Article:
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United States Department of Agriculture

Agricultural Research Service

Title: Dust in the Wind

Author
item Kennedy, Ann

Submitted to: Resource Journal of Agricultural Engineering
Publication Type: Trade Journal
Publication Acceptance Date: March 1, 1997
Publication Date: N/A

Interpretive Summary: In dryland agriculture, wind erosion is a major source of soil loss. Wind erosion reduces the productivity of prime farmland, and causes air pollution which can adversely impact on- and off-site economics. Air quality problems are mainly unresolved because current technology often does not enable identification of the nonpoint sources of pollution where control measures are needed. It is essential to determine the source of the dust material before corrective measures can be applied. We found that agricultural soils exhibited unique biological patterns depending on their origin. These techniques can be used for all types of displaced soil, whether they be carried by wind or water. Biological assessment of soil particles is a powerful tool to help in the assessment of control measures to reduce wind erosion. This new technology will help target nonpoint as well as point sources, and provide information to help in developing policies to control dust pollution that are fair to the public, farmers, developers and other land users.

Technical Abstract: Wind erosion is a dynamic process, the result of several diverse factors which include not only geologic and climatic influences, but human activity as well. In dryland agriculture, wind erosion is a major source of soil resource depletion. Wind erosion reduces the productivity of prime farmland, and causes air pollution which can adversely impact on- and off-site economics. One of the major problems in air quality assessment is the determination of the origin or source of the particles trapped in receptors. Air quality problems are mainly unresolved because current technology often does not enable identification of the nonpoint sources of pollution where control measures are needed. It is essential to determine the source of the dust material before corrective measures can be applied. Agricultural soils exhibited unique patterns depending on their origin. These investigations illustrate the use of molecular technology such as fatty acid or nucleic acid analysis to identify displaced soil material. These techniques can be used for all types of displaced soil, whether they be carried by wind or water.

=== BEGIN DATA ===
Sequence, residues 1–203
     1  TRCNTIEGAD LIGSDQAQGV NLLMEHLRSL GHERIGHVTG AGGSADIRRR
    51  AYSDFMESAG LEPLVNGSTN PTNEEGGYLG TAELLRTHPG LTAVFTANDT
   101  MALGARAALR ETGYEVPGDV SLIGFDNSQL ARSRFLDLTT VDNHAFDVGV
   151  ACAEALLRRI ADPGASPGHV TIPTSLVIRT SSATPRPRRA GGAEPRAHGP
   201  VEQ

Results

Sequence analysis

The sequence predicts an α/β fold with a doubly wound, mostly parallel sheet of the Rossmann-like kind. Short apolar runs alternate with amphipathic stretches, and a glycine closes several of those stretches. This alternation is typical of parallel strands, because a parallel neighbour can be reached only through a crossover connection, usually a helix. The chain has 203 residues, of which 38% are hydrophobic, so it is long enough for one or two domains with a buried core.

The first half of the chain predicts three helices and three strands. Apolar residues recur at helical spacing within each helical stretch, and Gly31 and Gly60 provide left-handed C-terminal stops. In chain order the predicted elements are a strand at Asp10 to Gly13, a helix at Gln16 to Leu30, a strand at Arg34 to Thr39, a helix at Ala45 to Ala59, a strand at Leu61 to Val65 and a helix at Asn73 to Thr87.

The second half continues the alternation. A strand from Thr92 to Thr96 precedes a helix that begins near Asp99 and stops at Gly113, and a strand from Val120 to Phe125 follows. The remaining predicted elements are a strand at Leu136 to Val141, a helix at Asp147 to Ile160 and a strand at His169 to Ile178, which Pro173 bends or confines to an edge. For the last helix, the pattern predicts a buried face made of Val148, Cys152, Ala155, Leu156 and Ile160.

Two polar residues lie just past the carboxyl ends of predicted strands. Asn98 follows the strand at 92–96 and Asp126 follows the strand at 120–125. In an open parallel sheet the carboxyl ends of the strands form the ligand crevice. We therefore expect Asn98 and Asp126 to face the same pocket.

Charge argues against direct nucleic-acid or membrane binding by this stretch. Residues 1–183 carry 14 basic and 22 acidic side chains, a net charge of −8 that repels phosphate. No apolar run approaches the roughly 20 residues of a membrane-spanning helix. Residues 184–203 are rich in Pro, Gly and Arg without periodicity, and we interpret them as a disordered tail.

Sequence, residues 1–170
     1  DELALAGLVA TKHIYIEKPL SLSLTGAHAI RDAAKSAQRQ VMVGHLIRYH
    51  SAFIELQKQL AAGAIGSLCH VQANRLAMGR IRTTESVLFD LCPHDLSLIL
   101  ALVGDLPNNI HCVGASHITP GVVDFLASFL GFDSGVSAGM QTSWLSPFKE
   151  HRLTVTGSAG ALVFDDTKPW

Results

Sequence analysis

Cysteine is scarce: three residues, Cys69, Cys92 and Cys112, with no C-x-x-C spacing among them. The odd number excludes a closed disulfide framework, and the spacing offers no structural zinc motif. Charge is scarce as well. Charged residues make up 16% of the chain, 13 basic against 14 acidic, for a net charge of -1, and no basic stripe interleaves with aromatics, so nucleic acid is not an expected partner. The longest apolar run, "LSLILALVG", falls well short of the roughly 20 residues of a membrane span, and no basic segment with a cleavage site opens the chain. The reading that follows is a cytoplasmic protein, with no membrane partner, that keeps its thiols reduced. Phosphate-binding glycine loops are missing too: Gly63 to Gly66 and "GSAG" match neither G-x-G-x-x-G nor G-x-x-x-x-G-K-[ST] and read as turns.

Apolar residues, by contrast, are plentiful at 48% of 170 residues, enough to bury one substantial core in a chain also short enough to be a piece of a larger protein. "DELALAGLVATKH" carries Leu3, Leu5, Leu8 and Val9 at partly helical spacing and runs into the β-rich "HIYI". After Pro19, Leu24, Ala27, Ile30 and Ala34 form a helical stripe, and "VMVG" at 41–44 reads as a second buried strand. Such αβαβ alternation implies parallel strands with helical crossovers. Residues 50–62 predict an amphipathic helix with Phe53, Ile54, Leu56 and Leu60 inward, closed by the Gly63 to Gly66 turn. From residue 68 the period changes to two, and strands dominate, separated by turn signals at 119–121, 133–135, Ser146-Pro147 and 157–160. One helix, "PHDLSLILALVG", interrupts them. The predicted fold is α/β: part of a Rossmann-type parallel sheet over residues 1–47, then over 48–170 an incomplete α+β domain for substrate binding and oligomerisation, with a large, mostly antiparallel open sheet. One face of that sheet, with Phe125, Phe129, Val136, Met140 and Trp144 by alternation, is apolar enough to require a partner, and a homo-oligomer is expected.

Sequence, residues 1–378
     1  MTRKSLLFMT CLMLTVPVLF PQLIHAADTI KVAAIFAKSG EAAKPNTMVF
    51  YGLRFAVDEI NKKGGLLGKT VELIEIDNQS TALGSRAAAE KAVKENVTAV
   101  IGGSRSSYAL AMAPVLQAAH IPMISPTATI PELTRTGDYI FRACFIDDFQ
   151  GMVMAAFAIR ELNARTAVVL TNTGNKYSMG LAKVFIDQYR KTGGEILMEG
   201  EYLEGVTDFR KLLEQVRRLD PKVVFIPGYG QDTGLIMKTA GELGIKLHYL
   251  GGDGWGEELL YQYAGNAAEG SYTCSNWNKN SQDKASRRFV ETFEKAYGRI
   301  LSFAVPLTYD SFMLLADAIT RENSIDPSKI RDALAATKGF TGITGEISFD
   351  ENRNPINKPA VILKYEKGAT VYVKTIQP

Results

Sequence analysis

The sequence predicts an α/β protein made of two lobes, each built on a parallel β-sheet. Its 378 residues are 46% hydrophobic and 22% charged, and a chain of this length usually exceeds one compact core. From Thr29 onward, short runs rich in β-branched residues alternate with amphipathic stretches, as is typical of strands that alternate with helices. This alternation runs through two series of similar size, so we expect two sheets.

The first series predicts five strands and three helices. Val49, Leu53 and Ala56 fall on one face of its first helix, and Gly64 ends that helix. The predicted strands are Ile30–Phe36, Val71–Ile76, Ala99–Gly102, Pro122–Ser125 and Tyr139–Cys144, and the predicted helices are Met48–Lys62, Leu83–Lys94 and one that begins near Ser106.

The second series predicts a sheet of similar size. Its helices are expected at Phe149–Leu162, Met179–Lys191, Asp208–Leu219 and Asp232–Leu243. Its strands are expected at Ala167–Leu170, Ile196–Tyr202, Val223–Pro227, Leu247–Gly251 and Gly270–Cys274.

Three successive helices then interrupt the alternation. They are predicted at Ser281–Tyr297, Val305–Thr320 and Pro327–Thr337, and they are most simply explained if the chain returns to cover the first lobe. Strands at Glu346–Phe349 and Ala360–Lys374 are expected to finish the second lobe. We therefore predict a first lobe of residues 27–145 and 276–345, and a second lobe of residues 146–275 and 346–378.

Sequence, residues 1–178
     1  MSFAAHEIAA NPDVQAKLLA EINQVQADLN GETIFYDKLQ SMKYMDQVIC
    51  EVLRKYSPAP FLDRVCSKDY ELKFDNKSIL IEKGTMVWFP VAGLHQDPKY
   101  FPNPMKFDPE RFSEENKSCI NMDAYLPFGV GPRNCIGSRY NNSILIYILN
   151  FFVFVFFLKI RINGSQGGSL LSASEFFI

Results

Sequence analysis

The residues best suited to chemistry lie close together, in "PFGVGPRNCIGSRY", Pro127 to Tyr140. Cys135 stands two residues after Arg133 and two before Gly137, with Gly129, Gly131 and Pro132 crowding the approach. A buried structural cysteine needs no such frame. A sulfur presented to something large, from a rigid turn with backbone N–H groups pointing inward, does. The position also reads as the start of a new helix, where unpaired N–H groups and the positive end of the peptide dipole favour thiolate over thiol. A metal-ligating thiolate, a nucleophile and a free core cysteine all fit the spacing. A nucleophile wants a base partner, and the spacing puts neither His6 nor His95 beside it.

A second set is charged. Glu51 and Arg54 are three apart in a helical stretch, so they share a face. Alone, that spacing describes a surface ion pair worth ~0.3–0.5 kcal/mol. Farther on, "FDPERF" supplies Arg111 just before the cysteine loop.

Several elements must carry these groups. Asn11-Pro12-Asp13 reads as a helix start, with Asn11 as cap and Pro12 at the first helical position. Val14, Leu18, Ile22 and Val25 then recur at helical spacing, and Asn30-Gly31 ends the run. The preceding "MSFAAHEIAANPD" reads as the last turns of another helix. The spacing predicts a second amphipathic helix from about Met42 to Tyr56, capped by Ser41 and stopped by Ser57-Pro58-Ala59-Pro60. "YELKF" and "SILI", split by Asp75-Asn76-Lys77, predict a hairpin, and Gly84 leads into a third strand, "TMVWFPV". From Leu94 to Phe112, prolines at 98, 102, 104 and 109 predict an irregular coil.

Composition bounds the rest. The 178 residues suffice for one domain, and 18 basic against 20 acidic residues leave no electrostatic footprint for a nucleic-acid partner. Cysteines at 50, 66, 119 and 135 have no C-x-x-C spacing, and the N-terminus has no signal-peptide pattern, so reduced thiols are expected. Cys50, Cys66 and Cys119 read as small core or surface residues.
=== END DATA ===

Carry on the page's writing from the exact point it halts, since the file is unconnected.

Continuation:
Last Modified: 11/28/2014
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